Temwani Mgunda triumphs in African Writers Awards

International African Writers’ Day celebrated

MTENJE—We need to start acknowledging
the importance of reading

Writer Temwani Mgunda said Tuesday he was happy to have bagged the African Writers Awards for Poetry in the 2022 African Writers Awards which were presented recently at the African Writers Conference in Douala, Cameroon.

Mgunda won for his poem titled ‘The Slums of Mbayani’ outclassing Akal Mohan from Kenya, Edmund Nnane from Cameroon, Joshua Effiong from Nigeria and Isabel Nowemigisha from Uganda.

He received a cash prize of $200 alongside other winners such as Nigeria’s Britney Muoghalu (African Writers Awards for Creative Non-Fiction) and Nigeria’s Gloria Akayi Asoloko (African Writers Awards for Drama).


“The cash prize is small but what matters is being declared winner in the poetry category. The other thing is that my work will be shared in other platforms and that is one of the things a writer wants, to have his or her works read widely,” Mgunda, who is currently in Egypt said.

There were also winners in the categories of Wakini Kuria Award for Children’s Literature, African Teen Writers Awards for Poetry and African Teen Writers Awards for Short Stories.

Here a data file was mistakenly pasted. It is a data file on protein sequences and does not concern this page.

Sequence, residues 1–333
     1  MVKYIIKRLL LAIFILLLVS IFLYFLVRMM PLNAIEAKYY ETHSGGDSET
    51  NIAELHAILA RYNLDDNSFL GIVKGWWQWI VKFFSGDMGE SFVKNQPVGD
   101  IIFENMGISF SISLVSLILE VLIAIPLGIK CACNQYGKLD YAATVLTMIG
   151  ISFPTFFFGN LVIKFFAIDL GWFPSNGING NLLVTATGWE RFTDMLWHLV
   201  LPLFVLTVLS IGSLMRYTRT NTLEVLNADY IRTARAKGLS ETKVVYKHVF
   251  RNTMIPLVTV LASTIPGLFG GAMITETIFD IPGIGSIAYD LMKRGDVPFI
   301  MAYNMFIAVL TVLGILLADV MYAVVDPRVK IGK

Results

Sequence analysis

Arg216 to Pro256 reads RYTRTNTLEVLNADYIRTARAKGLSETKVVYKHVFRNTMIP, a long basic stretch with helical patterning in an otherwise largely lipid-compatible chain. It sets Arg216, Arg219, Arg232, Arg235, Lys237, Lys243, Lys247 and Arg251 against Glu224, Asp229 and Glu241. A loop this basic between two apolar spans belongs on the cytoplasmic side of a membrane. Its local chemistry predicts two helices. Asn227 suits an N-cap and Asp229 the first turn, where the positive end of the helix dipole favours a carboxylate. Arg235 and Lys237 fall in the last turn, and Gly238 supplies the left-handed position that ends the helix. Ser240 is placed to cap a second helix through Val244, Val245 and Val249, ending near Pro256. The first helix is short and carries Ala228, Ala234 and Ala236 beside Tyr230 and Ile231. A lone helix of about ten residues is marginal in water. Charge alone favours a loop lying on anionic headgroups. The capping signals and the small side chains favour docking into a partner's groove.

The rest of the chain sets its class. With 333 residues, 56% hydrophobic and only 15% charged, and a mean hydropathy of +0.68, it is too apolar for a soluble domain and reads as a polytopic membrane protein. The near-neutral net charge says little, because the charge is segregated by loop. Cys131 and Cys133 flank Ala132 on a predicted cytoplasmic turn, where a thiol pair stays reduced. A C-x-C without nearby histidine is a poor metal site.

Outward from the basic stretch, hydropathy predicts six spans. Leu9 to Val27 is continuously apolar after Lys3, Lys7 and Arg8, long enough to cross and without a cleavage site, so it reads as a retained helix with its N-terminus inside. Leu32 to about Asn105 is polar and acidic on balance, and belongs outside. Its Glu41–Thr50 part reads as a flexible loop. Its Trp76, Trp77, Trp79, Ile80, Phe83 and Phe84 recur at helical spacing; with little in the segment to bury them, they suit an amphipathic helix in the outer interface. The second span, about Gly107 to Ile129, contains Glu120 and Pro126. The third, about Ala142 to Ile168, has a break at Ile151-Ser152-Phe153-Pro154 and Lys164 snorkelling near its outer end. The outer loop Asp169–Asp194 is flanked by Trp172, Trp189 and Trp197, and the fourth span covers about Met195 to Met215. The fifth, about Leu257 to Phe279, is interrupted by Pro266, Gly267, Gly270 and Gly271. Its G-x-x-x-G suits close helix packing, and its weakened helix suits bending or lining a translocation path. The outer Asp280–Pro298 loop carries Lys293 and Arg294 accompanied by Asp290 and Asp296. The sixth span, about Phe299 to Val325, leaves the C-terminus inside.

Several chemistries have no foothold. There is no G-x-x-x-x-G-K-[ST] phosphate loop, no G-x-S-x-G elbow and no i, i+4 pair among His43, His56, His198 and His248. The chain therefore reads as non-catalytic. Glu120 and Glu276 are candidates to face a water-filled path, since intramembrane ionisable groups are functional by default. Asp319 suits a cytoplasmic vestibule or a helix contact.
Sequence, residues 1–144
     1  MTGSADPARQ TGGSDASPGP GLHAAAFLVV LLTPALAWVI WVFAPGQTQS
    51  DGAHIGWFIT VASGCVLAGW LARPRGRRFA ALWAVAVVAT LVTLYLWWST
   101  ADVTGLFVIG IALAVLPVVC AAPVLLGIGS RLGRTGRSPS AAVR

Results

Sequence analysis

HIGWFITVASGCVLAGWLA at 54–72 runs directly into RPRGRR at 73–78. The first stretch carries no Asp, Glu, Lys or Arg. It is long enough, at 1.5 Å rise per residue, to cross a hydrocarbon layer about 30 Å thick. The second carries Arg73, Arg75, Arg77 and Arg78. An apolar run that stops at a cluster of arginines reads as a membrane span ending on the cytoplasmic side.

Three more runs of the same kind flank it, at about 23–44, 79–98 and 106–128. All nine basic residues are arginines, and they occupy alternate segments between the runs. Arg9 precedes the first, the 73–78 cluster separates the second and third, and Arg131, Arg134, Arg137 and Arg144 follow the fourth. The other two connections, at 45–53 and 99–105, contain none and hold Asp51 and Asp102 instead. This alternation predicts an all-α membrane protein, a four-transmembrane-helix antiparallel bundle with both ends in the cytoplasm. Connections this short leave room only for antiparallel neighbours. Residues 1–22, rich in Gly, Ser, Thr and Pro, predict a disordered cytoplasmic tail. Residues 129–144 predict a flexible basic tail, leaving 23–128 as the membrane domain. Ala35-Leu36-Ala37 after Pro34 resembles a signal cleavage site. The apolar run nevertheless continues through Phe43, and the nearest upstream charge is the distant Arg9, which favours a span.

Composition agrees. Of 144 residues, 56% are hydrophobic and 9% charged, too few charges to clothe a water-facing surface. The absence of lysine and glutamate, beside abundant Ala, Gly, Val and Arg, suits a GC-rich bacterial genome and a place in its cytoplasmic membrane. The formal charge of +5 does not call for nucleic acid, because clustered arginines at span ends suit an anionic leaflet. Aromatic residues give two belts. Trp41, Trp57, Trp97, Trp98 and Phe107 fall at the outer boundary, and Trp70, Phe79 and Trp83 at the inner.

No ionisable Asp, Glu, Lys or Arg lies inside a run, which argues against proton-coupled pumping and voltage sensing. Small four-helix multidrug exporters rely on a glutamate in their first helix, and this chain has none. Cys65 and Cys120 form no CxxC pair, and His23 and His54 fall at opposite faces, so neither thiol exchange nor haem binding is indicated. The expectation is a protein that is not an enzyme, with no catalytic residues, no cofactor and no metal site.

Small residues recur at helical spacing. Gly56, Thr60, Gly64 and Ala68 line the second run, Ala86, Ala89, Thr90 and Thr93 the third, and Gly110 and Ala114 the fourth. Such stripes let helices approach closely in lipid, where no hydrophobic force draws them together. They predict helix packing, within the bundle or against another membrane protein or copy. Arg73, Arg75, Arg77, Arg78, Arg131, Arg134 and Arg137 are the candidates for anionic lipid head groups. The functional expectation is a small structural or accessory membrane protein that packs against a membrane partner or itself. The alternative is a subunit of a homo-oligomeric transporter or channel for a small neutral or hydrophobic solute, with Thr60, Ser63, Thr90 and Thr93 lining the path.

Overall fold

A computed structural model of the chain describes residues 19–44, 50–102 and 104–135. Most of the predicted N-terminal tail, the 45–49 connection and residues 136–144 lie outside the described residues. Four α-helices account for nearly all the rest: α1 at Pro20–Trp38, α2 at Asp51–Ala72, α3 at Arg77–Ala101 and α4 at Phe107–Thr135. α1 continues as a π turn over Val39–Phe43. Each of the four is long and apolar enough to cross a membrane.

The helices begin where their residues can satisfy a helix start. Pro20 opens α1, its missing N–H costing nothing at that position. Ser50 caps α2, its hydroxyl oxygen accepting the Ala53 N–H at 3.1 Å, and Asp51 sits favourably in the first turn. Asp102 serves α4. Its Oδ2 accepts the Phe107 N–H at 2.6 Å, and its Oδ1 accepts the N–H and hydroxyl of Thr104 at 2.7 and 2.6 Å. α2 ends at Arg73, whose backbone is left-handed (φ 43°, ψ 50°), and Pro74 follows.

In another development writers in Africa on Monday celebrated the International African Writers Day.


And looking at the writing adventures in the country, University of Malawi Lecturer in Creative Writing and Literature Wesley Macheso, said Malawi has lagged behind in writing over the years compared to other African countries like Kenya, South Africa, Nigeria, Zimbabwe or even Zambia.

“The biggest problem has been lack of support for the arts, which most people in Malawi tend to look down on mostly due to ignorance on what the arts contribute to national building, image and social consciousness,” Macheso said.

He added that while the country has had few writers getting international recognition, there has not been any substantial work worth the attention published in Malawi for decades now.

“Universities are struggling to find contemporary Malawian literature worth teaching. There needs to be deliberate efforts, especially from the Department of Culture to support creative initiatives and help revive our publishing culture,” Macheso said.

Associate Professor Asante Mtenje said the country was making considerable progress as more and more young writers are emerging with a lot of interest in writing especially poetry.

“However, as a country what we need for us to produce high quality writers who can be recognised on the international level is for more organised support for literary platforms that promote the arts in Malawi such as literary festivals where writers can showcase their work and where literary critics and writers can interact and work together in an environment that allows the literary arts to flourish,” Mtenje said.

She further said that there has to be a mindset change “where we need to start acknowledging the importance of reading and more initiatives that promote reading and writing”.

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